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Why is the empty set bounded below and bounded above? If it has no elements, how can you say that an upper or lower bound exists?

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    $\begingroup$ Every number $b$ is both, an upper and a lower bound. For there is no $x \in \varnothing$ such that $x < b$ or $x > b$. $\endgroup$ – Daniel Fischer Oct 19 '13 at 16:25
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    $\begingroup$ Note that $17$ is an upper bound. For it is true that every element of the empty set is $\lt 17$. Can you name one that isn't? $\endgroup$ – André Nicolas Oct 19 '13 at 16:25
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    $\begingroup$ This is an instance of something being vacuously true. $\endgroup$ – Francis Adams Oct 19 '13 at 16:25
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    $\begingroup$ Definition: a subset $S$ of $\mathbb{R}$ is blue if there exists $s\in S$ such that $17s+\sqrt{3}$ is rational. Proposition: the empty set is not blue. $\endgroup$ – Julien Oct 19 '13 at 16:34
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Recall that implication has the property that when the assumption is false, the implication is true. In other words, if $P$ is false, then $P\implies Q$ is true.

Let $S$ be a set of real numbers. Then $M$ is an upper bound for $S$ if the following implication holds, $$s\in S\implies s \leq M.$$ Now let us examine the case for the empty set, $\emptyset$.

Proposition Let $M$ be any real number. Then $M$ is an upper bound for the empty set (of real numbers).

Proof:

Since the statement, $s\in\emptyset$ is false, the implication, $$s\in\emptyset\implies s \leq M$$ is true.

Note: An almost identical proof works for the lower bound case. A nice little slogan to remember here is

All things are true about the MEMBERS of the empty set.

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Argue by contradiction. Suppose $\emptyset$ is unbounded. Then for every $M > 0$ there is a point $x \in \emptyset$ such that $|x| > M$. But this contradicts that the empty set has no elements.

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Alternatively, a set $S$ is bounded if there exist numbers $a$ and $b$ such that: $$S\subseteq[a,b]$$ Now, $\varnothing$ is a subset of every set, so…

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A set in a metric space is bounded if, and only if, there exists a ball (of finite radius) containing it. Then trivially the empty set is contained in a ball (actually in every ball).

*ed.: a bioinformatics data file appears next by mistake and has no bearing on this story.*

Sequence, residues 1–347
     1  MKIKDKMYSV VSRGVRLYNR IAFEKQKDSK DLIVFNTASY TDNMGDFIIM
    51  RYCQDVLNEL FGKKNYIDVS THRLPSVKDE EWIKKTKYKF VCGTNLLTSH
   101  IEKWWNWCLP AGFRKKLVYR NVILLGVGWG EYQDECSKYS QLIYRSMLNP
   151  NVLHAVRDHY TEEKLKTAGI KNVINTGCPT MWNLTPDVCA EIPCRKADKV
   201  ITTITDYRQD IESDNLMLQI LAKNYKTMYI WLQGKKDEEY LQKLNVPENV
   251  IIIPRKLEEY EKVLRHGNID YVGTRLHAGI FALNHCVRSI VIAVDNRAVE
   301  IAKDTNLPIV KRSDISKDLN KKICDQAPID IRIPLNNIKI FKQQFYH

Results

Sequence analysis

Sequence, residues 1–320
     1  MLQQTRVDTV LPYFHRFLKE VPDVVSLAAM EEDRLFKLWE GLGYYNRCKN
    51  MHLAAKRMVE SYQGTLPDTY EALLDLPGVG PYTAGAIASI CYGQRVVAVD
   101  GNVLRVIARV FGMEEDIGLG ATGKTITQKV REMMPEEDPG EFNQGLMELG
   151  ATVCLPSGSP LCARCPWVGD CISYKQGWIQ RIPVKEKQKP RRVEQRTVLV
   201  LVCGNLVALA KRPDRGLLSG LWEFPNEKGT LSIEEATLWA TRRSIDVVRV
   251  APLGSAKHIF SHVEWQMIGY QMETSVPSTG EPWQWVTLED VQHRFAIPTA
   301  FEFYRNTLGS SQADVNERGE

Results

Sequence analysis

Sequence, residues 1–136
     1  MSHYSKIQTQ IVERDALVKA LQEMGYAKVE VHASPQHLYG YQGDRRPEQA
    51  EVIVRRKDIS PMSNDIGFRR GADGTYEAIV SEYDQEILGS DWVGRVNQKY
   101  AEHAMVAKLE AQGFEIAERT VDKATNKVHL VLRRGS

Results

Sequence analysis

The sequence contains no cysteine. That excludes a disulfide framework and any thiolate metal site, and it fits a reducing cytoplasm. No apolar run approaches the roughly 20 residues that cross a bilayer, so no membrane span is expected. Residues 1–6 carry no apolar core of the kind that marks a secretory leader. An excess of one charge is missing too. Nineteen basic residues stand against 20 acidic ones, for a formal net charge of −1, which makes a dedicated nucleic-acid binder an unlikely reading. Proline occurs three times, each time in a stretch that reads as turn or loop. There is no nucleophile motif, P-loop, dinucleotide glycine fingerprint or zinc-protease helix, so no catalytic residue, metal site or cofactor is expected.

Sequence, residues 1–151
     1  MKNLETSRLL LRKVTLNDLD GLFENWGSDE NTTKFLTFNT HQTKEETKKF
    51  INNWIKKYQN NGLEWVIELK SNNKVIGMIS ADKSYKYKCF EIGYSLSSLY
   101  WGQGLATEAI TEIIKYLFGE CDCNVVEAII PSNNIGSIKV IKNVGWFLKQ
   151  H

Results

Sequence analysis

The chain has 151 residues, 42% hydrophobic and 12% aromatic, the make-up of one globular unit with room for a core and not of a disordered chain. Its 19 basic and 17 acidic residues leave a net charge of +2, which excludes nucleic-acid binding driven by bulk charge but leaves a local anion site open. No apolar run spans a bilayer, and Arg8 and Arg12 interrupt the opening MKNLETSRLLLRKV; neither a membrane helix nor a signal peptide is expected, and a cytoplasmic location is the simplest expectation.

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In mathematical analysis and related areas of mathematics, a set is called bounded, if it is, in a certain sense, of finite size. Conversely, a set which is not bounded is called unbounded. - Wikipedia definition.

Now there is only one "nothing" just like there is only one 1, or only one 2, or say only one zero. There may be 2 cats or 2 dogs or 2 giraffes but 2 is 2. there is only one 2 along the entire number-line. similarly there are only one "nothing".

so the empty set, the content (nothing) is finite in number, which is 1. so empty set should be finite.

please correct me i may make mistake im not math people.

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    $\begingroup$ The quote you provide says that a set is bounded "if it is, in a certain sense, of finite size." This does not mean that the set is of finite cardinality. This is not the "certain sense" alluded to in the quote. $\endgroup$ – Xander Henderson Sep 1 '19 at 18:55
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We can say that the empty set is bounded if its not in R; that is if the empty set is the complement of R then we can say is bounded, because it lies in the extension real numbers.But if the empty set is a subset of R then it may be bounded or unbounded. If we assume it finite then its bounded set but if we look at its supremum and its infimum we see that they are not real numbers so the set is unbounded. I see that the empty set is both bounded and unbounded.

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  • $\begingroup$ This is a really bad way of looking at it. The supremum is $-\infty$; this means that any extended real number is an upper bound. Similarly the infimum is $+\infty$, which means that any extended real number is a lower bound. No other subset of $\mathbb{R}$ has either of these properties. In this sense the empty set is "more bounded" than any other set. $\endgroup$ – Ian Dec 9 '14 at 21:43

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